Friday, December 9, 2016

Open Up Your Classroom

Bienvenidos al aula del Sr. Noble

At one of the first IWLA Conferences that I ever attended, I remember the luncheon speaker, 2010 Iowa and National Teacher of the Year, Sarah Brown Wessling talking about one of the biggest things that has helped to make her the teacher that she is today: opening up her classroom.

I wholeheartedly agree with her. In the past 6 years I have had 5 Practicum students from Central College, 2 from UNI, and 1 from Northwestern. I have also had a researcher from the University of Iowa, School Board members, Grandparents, Pastors (PCHS has a Grandparents Day and Pastors Day in which they are invited to come and visit classrooms), and several other colleagues from other schools come and observe my classes. 

Yesterday I was reminded of that advice. A teacher from another HS, close by, came in to observe and share and it was great! It had been a little while since I have had anyone in my class. Her visit reminded me of why I try to open my classroom as often as I possibly can. In no particular order, here are some of the benefits.

New Energy
I don't know what it is, but having someone observing my class always seems to bring a new energy to the classroom. I was reminded of that yesterday. My classes had begun to feel a bit drab and routine. It's probably a mix of the cold and being this close to Christmas. Just having someone else in the classroom seemed to provide a spark of energy to get me to the Holidays.

Fresh Ideas
I love the fresh ideas that, especially preservice, teachers bring. I think we sometimes don't look for new ideas when we already have a lesson that works well. Practicum teachers have given me a welcome push out of my comfort zone. One of my first years at Pella Christian I had a Central College practicum student who wanted to do a flash mob to Shakira's "Waka Waka." I would have never come up with that or even tried to attempt that on my own. (Fast forward to the 1:20 mark)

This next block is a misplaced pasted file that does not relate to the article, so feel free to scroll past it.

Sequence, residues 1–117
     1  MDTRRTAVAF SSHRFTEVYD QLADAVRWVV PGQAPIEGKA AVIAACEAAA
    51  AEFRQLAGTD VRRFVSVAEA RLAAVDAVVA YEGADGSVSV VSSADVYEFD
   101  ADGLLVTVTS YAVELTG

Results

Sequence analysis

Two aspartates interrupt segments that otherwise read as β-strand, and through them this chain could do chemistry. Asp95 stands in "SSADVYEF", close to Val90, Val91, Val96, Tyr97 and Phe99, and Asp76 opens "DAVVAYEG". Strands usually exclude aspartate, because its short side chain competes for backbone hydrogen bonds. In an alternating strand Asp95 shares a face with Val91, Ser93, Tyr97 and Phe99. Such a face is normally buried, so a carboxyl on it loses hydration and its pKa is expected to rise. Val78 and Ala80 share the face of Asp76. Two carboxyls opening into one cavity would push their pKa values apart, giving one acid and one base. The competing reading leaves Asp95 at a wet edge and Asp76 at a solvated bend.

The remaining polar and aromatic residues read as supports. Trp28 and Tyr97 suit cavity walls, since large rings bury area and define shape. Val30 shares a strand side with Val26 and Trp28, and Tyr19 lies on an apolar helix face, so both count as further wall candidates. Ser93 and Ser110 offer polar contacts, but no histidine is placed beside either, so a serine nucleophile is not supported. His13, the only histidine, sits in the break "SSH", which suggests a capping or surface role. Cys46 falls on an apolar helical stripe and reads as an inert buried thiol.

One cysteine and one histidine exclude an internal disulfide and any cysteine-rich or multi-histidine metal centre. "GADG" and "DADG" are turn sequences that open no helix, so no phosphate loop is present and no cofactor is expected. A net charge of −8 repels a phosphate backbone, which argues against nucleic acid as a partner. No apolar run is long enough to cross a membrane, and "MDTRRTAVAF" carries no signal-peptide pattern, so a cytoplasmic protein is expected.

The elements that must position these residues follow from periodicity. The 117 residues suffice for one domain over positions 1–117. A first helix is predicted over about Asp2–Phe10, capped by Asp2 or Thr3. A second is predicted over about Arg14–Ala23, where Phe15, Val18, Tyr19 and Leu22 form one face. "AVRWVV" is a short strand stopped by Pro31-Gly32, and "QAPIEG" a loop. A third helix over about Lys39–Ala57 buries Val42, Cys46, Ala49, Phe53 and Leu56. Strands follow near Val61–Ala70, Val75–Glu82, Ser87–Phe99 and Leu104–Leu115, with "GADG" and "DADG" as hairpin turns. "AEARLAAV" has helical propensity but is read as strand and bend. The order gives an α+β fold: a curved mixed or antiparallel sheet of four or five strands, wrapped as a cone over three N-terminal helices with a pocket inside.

Keeps You Sharp
Confession: I am not naturally the most organized teacher. When I know I will have another teacher in my classroom, my organizational capacity increases greatly. Confession: I don't always do a good job of maintaining ACTFL's recommended 90% TL. When I have observers, my TL usage tends to increase. 

I have also found that it's really helpful for my own practice to discuss why I do what I do with my observers. 

What are your thoughts?


  1. I think this is a great idea. How do you go about inviting others?

    1. Good question! I haven't been super intentional about inviting, but anytime I am asked, I jump at the opportunity. I try to rearrange my schedule to make it work and I try to make it valuable for the guest. This seems to have a snowball effect. I think a teacher's location could also play into this. If you are in a very rural school, you may have less opportunities than if you live in a town with university with a college of education. I'd just say, be open to every opportunity that comes. :)